Shuster says that an old-fashioned “Free Building Materials” sign on materials in the homeowner’s front yard also works well. Sometimes, he doesn’t even need a sign. “We leave it on the sidewalk and it’s gone in the morning,” he says.
Remodelers can also list items on The Freecycle Network, a listserv that people sign up for to receive notifications about free items, or Craigslist, an online classified service. Shuster asks clients to deal directly with listing, pricing, and selling the items “so our crews don’t have to stop work and deal with someone looking at the stuff,” he says. “Usually the owner sets it up so everyone comes on one day. Any leftover materials, we charge them for hauling away.”
Hughes has also sold items on site, giving the proceeds to the homeowner. “If someone approaches us directly, we will call the homeowner, tell them a good price, and the person hauls it away,” he says. “That way, the owner makes cash now versus waiting to donate and file taxes.”
Hughes says that nonprofit reuse centers are the best place to start, citing the 125 Habitat for Humanity Re-Stores throughout the country, as well as other local nonprofits. If there is no ReStore in the area, remodelers should approach Habitat for Humanity about starting one.
Economics of Deconstruction
Weighing costs with tax credits for donations
When Brian McVay of Neil Kelly Co. was a deconstruction manager, he kept photos and written inventory that homeowners would use for documenting their credit.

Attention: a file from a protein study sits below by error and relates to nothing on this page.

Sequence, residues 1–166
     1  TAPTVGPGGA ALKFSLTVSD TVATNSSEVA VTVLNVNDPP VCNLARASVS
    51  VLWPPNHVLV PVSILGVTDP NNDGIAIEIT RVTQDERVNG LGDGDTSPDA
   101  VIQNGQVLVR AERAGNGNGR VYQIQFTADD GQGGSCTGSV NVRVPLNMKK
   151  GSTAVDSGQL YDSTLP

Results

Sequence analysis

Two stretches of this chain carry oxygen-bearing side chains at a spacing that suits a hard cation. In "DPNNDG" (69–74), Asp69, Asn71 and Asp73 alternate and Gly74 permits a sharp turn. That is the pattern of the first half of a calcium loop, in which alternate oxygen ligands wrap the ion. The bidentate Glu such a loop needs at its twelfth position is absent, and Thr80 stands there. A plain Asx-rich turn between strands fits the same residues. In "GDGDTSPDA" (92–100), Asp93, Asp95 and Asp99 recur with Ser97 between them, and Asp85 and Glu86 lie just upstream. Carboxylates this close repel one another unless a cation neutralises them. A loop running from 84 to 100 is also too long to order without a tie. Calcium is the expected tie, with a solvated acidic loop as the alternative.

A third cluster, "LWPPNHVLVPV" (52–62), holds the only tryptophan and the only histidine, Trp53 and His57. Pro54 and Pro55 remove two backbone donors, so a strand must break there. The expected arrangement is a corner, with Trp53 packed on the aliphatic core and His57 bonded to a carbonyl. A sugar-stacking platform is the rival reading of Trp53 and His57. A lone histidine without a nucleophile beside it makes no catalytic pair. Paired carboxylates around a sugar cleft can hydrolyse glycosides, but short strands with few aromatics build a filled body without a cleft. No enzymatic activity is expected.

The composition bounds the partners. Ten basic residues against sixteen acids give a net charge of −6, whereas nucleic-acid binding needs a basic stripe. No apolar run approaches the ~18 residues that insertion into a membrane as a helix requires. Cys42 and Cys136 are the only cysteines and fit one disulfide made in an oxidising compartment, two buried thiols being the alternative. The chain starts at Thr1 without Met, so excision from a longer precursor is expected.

Paul Hughes, of Deconstruction Services, says remodelers should make sure clients understand that the tax credit won’t apply until the next tax season. “If you remodeled in February, you would not file taxes for a full year, so you carry that front-end cost for the year,” he says.
Jesse White, owner of an architectural salvage firm, says that tax credits are available for donations to 501c3 charities. “At my store, we have a nonprofit partner,” he says. “We receive materials on their behalf. We notify them of the donated materials, and they write a letter to the donor. Values are assessed by the owner.” In some circumstances, his company sends a letter listing the retail prices of the items, which could be used as a basis for value. “When we sell the items, we send a commission check to the nonprofit. We do not keep track of which item was sold from which particular donor, so we can’t give an exact price of what items sold for,” he explains. There are nonprofit stores that accept materials and resell them. These organizations typically give a charitable-contribution receipt and usually let the donor assess the value of the materials.
Standard demolition and landfill fees: $10,000
Deconstruction costs: Cost of appraisal: $4,000; cost to deconstruct: $25,000
Difference between demolition and deconstruction cost: $19,000
Appraised value of materials donated to nonprofit: $117,000.
The homeowners were willing to pay the extra $19,000 because they could take the $117,000 deduction over a five-year period.
Building Materials Re-Use Association directory
Construction Waste Management Database
A listing of companies that pick up and have drop-off for a variety of construction waste.
Educational Web site created by the state of Florida, now run on pro-bono basis by Jesse White of Sarasota Architectural Salvage. Includes benefit calculator.
DeConstruction Services, Fairfax, Va.
Environmental Protection Agency resource conservation
The Freecycle Network
Habitat for Humanity Re-Store directory
Institute for Local Self-Reliance’s Waste to Wealth information:
National Association of Home Builders: The Deconstruction Series
A Guide to Deconstruction
ReDO ReUse Development Organization
The ReUse People (California and Colorado)
Listing of locations, deconstruction services, and Velvet Crowbar newsletter